Ireland says it has 'no case to answer' on Apple as Europe finds against Luxembourg and Netherlands
The EU has ruled Fiat and Starbucks benefitted from illegal tax advantages from Luxembourg and the Netherlands, upping the likelihood that Brussels could also find against Ireland and Apple.
The European Commission said Luxembourg and The Netherlands artificially reduced the amount of tax that Fiat and Starbucks had to pay, amounting to savings of €20m-€30m for each company. Competitions Commissoner Margarethe Vestager ordered the two countries to recover the money and end the practice. While insisting the decision would not "prejudge" future cases, Ms Vestager warned other EU countries to take notice and make sure companies are taxed where they make their profits.
"I do hope that there is food for thought in companies in Europe and in tax authorities in Europe in these two decisions," she said yesterday. "It's important for countries - not only those here in question but other countries - to consider if they're on the right track."
The Department of Finance had no comment on the Commission's decision, but said that Ireland had not changed its position on its dealings with Apple. A spokesman said the country has "no case to answer" on Apple and "will pursue every avenue to defend our position" if the Commission finds against Ireland.
The decisions came after a 16-month investigation by the Commission into so-called tax rulings, or "comfort letters", issued by tax authorities to clarify how company taxes will be calculated. The EU investigation includes deals made with Apple in Ireland, Amazon in Luxembourg and a Belgian tax scheme, which are still ongoing.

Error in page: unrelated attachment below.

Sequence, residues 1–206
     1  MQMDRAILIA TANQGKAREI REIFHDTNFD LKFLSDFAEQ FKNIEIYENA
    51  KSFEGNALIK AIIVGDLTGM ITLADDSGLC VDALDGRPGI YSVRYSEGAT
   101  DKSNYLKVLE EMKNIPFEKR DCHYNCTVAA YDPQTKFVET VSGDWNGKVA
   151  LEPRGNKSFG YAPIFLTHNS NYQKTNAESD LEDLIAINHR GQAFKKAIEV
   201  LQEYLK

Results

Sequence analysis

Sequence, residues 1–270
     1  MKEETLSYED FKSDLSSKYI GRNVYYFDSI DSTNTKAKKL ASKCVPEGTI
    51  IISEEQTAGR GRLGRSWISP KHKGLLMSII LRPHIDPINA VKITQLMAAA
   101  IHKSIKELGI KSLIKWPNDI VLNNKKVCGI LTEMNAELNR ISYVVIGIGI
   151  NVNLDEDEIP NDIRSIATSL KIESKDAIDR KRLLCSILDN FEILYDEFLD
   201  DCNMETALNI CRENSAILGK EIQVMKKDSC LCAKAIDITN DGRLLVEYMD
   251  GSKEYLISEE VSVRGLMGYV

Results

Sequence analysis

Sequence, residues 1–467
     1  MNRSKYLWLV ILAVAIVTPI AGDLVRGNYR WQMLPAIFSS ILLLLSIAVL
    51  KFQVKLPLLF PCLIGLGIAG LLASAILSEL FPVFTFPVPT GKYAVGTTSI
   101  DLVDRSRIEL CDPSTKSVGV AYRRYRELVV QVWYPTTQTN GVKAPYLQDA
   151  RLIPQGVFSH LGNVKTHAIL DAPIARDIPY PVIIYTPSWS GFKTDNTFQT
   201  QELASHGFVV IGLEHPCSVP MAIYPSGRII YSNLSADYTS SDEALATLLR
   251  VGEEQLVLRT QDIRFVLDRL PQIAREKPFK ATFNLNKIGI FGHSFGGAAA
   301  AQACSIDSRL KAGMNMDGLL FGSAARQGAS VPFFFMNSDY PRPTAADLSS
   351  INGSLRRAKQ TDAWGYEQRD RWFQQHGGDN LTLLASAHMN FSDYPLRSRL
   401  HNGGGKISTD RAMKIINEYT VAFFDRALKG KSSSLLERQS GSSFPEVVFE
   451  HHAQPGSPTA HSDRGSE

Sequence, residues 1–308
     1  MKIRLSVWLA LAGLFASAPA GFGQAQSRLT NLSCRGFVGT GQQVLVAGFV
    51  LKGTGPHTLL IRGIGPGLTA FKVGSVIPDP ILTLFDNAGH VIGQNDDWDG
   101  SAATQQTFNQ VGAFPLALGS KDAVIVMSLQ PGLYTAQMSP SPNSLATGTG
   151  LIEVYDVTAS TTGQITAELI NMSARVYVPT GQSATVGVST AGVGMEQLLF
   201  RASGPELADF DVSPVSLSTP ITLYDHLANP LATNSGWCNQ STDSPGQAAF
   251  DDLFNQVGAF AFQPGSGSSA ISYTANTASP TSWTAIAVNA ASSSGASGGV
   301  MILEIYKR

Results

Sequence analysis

Under EU state aid rules, comfort letters in themselves are not illegal.
But the Commission said yesterday that Luxembourg and The Netherlands "endorsed artificial and complex methods to establish taxable profits for the companies" which it said "do not reflect economic reality" and are therefore illegal under EU rules.
The investigation focused on the practice of "transfer pricing", where profits are shifted abroad to other companies in a group based in low-tax or no-tax countries.
This gives multinationals an unfair advantage, as smaller companies don't have the scale to move their profits around.
Jim Clarken, Oxfam Ireland chief, said the Government should force companies to publish where they pay their taxes and that a future decision on Apple could mean a "windfall" for the Irish exchequer.
"The effects of austerity meant that there wasn't enough money in the pot. Well, here's money that's in the pot," Mr Clarken told the Irish Independent.
"The veil of secrecy is being lifted on corporate transactions and corporate tax."
Meanwhile, personal finance website WalletHub has released its latest S&P 100 tax rates report, providing analysis of the 2014 rates at which S&P 100 companies - collectively worth more than $11 trillion as of the end of September - are taxed at the state, federal and international levels.
It found that S&P 100 companies pay roughly 24pc lower rates on international taxes than US taxes.
Technology companies, including Apple, Cisco Systems and Google, are still paying more than 25pc lower rates abroad, continuing the trend from 2013. And the report also found that the average S&P 100 company pays an 11pc higher tax rate than the top 3pc of consumers.